SEC Charges Financial Advisor with Fraud for Stealing Millions from Investors
FOR IMMEDIATE RELEASE
Washington D.C., July 20, 2020 —
The Securities and Exchange Commission today charged former registered representative and investment adviser Michael Barry Carter with fraud for stealing from brokerage customers and an elderly advisory client.
The SEC's complaint alleges that Carter, a financial advisor in the McLean, Virginia office of a large financial institution, falsified internal documents in order to effect dozens of unauthorized wire transfers, totaling millions of dollars, from the accounts of brokerage customers to his personal bank account. According to the complaint, to generate some of the funds that he misappropriated, Carter sold securities without customer authorization. As alleged, Carter employed various methods to conceal his misconduct from his brokerage customers, including diverting account statements to addresses he controlled. The complaint further alleges that Carter made almost $1.5 million in unauthorized transfers from the accounts of an elderly advisory client, sending nearly $1 million to himself, and using some of the remainder to repay funds he had taken from a brokerage customer. Carter also allegedly misappropriated funds from the client that originated from 529-plan college savings accounts held at another financial institution for the benefit of the her grandchildren. The complaint alleges that Carter used the funds he misappropriated from his customers and client to support his lavish lifestyle.
"As a financial advisor, Carter was entrusted with millions of dollars belonging to his brokerage customers, his advisory clients, and their families," said Marc P. Berger, Director of the SEC's New York Regional Office. "As alleged in our complaint, Carter instead took advantage of that trust for his personal gain."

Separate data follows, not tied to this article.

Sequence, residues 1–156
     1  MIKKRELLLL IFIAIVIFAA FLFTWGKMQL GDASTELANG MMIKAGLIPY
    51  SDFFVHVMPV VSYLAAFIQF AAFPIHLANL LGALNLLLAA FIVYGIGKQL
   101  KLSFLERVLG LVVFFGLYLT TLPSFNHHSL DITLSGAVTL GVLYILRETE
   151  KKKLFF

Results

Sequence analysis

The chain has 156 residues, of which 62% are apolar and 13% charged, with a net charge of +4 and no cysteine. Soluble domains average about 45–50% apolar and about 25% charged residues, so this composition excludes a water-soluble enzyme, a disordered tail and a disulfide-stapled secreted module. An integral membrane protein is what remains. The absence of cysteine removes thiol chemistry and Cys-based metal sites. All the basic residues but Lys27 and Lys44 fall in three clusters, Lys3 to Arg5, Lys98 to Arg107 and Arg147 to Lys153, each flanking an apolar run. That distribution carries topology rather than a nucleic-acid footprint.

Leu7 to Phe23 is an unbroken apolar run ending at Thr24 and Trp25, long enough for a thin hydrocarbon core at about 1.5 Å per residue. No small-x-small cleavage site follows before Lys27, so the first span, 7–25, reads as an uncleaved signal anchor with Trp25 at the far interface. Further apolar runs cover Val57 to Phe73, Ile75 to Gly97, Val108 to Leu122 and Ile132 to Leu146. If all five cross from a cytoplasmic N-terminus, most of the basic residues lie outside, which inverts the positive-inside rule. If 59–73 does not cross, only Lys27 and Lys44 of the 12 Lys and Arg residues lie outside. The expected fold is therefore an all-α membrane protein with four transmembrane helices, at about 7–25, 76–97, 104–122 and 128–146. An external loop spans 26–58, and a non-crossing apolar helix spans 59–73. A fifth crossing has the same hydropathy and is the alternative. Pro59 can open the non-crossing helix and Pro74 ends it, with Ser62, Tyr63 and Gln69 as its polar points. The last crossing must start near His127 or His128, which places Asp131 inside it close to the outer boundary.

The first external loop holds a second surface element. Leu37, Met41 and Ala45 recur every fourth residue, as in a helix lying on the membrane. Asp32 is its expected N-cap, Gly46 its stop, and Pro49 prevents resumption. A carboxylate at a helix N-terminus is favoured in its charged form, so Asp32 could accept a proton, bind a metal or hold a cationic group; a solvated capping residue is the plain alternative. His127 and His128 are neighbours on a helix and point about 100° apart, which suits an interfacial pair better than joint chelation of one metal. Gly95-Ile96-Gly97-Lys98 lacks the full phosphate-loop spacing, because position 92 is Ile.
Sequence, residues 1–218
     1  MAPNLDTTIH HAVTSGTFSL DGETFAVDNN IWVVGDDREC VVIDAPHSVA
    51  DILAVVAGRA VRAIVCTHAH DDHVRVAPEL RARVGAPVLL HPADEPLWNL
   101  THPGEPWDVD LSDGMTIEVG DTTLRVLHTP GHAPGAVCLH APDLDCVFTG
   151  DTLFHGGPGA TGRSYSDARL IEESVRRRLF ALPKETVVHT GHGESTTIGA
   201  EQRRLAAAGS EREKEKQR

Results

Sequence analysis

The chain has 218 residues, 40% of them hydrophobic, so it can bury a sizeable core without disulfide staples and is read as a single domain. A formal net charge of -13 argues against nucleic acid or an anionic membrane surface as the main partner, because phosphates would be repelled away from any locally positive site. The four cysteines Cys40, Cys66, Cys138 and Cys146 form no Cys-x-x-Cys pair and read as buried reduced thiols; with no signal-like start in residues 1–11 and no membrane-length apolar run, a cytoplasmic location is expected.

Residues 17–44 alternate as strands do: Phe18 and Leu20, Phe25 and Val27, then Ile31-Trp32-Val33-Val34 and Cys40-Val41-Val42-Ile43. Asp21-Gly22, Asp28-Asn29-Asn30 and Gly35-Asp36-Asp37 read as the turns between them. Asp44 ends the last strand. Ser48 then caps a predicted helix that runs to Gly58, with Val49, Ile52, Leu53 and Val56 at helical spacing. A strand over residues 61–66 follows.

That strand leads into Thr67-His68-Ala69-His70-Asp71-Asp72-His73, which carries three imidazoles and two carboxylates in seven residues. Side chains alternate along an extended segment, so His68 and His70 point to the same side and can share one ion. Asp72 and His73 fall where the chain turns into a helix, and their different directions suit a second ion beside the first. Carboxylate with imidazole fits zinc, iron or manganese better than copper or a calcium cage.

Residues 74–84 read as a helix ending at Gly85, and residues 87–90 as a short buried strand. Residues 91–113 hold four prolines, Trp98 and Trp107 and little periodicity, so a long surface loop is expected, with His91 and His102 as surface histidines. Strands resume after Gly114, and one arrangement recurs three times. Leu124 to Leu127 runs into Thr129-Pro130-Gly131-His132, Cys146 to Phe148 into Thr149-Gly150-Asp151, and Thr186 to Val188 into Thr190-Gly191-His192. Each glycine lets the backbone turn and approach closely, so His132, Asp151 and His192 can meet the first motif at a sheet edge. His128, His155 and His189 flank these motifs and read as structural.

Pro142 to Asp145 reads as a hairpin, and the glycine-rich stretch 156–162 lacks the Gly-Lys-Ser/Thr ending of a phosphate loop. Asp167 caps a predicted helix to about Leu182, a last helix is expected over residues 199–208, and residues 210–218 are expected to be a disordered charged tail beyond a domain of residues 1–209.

The SEC's complaint, filed in the U.S. District Court for the District of Maryland, charges Carter with violations of the antifraud provisions of the Securities Exchange Act of 1934 and the Investment Advisers Act of 1940. The SEC is seeking injunctive relief, the return of allegedly ill-gotten gains plus prejudgment interest, and a civil penalty.
In a parallel action, the U.S. Attorney's Office for the District of Maryland today announced criminal charges against Carter. Carter has pled guilty to those charges.
Investors can find additional information about how to protect their investments at Investor.gov. The Office of Investor Education and Advocacy and Division of Enforcement's Retail Strategy Task Force encourage senior investors to learn more at the senior investor education webpages on Investor.gov and report any suspicious investment-related activity or schemes using the SEC's online tips, complaints, and referrals (TCR) system.
The SEC's investigation, which is continuing, is being conducted by Eric Kirsch, Jonathan Grant, James Flynn, and Wendy Tepperman. The litigation will be led by Dugan Bliss, and the case is being supervised by Lara Shalov Mehraban. The SEC appreciates the assistance of the U.S. Attorney's Office for the District of Maryland, the Federal Bureau of Investigation, and the Financial Industry Regulatory Authority.